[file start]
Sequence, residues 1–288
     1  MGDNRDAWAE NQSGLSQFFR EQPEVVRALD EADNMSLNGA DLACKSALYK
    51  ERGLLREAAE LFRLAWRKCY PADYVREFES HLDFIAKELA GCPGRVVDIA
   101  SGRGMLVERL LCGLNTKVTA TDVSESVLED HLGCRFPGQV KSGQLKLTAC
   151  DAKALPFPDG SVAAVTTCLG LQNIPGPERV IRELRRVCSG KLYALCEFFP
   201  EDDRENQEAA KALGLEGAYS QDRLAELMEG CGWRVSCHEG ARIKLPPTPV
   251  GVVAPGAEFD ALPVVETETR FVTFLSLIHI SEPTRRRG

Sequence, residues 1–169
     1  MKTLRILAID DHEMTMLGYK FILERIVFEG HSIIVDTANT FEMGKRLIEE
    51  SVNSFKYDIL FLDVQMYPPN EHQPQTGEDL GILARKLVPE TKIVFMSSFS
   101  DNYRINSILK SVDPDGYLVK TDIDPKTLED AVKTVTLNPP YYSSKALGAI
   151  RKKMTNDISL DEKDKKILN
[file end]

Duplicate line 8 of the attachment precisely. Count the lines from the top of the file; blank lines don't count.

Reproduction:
Sequence, residues 1–169